Pregnancy and pilates

Pregnancy is an exciting yet sometimes exhausting and confusing time for expecting mums (and dads). There is almost too much information out there for us to access yet still a myriad of unanswered questions as it’s hard to know who to listen to or trust. Let me preface this by saying if you are ever unsure about ANYTHING relating to your pregnancy, call your midwife or obstetrician, as they are the experts in the field.

At (almost) 29 weeks pregnant with my second child, and with several friends experiencing their first pregnancy I’ve had a few questions about exercising when pregnant which has prompted me to reflect on the importance and value of staying fit and physically active throughout pregnancy. Regular appropriate exercise is encouraged as a safe and effective strategy for maintaining good physical and mental health, preparing for childbirth and managing some of the many changes that can occur during pregnancy.

For healthy, uncomplicated pregnancies it is recommended women undertake 30 minutes of moderate intensity (this means you should be puffing but able to talk) exercise on most, if not all, days of the week. This should include both low-impact aerobic activities (such as walking, swimming, stationary cycling), strength-conditioning exercises (for example pilates, resistance exercises and yoga) and pelvic floor exercises. Following these guidelines can have positive physical, mental and emotional benefits, including:

In no way am I calling myself an expert (after only 1 and ¾ pregnancies), however combining my experience as a physiotherapist, clinical Pilates instructor, mum and pregnant woman, here are some of my helpful tips regarding exercise during pregnancy.

Swimming – I personally love swimming and think it is one of the best forms of aerobic exercise (pregnant or not). Women with uncomplicated pregnancies can swim throughout their entire pregnancy and it is a great way to get good thoracic rotation, offload the legs and is especially great for ladies struggling through the warmer summer months. I would generally finish my swim by walking a few laps and doing some gentle resistance exercises (eg: walking forwards, backwards, sidestepping, bum kicks, squats) as the buoyancy of the water unloads your joints but increases the resistance on your muscles. Having said all this, I love swimming, so it is important you choose a safe form of exercise that you enjoy (eg: stationary cycling if that’s what floats your boat… weirdo)

Clinical Pilates –With over 5 years experience as a clinical Pilates instructor, I was able to squeeze my own sessions in most days with my first pregnancy and have been doing 2 sessions a week this time around. Clinical Pilates is a form of supervised exercise that basically retrains the body to work in its most optimal way. It is a fantastic way of combining muscle strengthening, toning and conditioning with gentle stretching, postural exercises, breathing awareness and pelvic floor activation. It is generally recommended that after about 16-20 weeks, pregnant women don’t lie flat on their backs (however your body will generally tell you when it’s had enough of this position), therefore adjustments and modifications can easily be made by your instructor to ensure yours and your babies health and safety, whilst still getting a good, individually tailored workout.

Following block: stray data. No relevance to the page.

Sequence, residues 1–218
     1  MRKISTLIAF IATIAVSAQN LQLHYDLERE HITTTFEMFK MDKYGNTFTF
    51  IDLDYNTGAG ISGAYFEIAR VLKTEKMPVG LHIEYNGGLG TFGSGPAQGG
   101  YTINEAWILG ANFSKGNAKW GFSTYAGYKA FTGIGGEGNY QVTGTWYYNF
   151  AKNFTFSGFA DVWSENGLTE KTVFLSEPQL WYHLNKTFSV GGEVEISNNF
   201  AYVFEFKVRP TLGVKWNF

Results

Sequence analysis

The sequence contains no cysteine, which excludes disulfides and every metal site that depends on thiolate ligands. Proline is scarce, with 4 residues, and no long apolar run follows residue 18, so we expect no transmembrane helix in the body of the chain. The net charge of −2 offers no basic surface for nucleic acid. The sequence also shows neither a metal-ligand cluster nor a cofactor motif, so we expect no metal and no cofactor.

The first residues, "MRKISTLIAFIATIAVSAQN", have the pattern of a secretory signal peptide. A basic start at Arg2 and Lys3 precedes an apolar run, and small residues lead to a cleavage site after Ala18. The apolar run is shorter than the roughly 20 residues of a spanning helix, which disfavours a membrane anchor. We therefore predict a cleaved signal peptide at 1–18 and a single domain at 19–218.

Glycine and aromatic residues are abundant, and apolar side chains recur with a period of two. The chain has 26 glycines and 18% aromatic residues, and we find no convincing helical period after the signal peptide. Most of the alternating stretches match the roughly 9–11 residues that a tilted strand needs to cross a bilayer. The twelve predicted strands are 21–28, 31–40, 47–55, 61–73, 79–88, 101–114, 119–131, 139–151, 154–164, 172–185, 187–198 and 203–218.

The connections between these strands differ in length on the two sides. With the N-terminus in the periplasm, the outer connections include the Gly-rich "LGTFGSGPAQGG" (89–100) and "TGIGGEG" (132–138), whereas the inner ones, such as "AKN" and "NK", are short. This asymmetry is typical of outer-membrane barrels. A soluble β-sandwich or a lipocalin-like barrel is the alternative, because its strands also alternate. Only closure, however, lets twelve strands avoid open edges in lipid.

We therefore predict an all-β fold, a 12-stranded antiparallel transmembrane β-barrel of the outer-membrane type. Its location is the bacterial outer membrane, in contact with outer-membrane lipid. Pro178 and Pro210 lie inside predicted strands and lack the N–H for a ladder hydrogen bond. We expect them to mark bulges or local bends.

Pelvic Floor Exercises – Outside of my Pilates classes I also did some pelvic floor and transverse abdominis (TA) exercises. Pelvic floor exercises help to strengthen, increase the endurance and improve the tone of the pelvic floor muscles, which support the pelvic and abdominal structures. It is recommended that women seek specific advice from a trained physiotherapist about the correct “inward and upward” contraction of the pelvic floor prior to commencing a prescribed program. Even with my experience as a Pilates instructor, about half way through my pregnancy I had a colleague use real-time ultrasound to re-assess the activation of my pelvic floor and TA so I was sure I was getting the correct activation. Using the real-time ultrasound enables us to assess the activation of these muscles and correct any poor activation patterns.

Don’t be a hero – This sounds very cliché but listen to your body. If you are feeling to fatigued, swollen or sore give yourself the day off or just do some gentle stretches on the floor (or bed if you’re thinking you won’t ever be able to get off the floor again). There are some common musculoskeletal issues many pregnant women face including back, pelvic girdle and wrist pain (this pregnancy I have struggled with sacroiliac joint pain which is being managed through manual therapy, exercises and a pregnancy belt). These are often due to the increased amount of the hormone relaxing in your body but can all be assessed, treated and managed effectively so go see your healthcare professional rather than suffering through months of pain.

I can personally attest to the value of remaining fit and active during pregnancy. Throughout my first pregnancy (when I was relatively “time rich”) I was able to maintain swimming and Pilates daily. This time around, a combination of an 18-month-old, work and further study commitments have robbed me of my free time and fitness (yes mum I know this is no excuse *eyeroll) and as a result I have been feeling more fatigued, breathless and sore (and have had all these symptoms checked by appropriate health care professionals). So, don’t let pregnancy scare you away from regular exercise – your body, mind and baby will all thank you for it!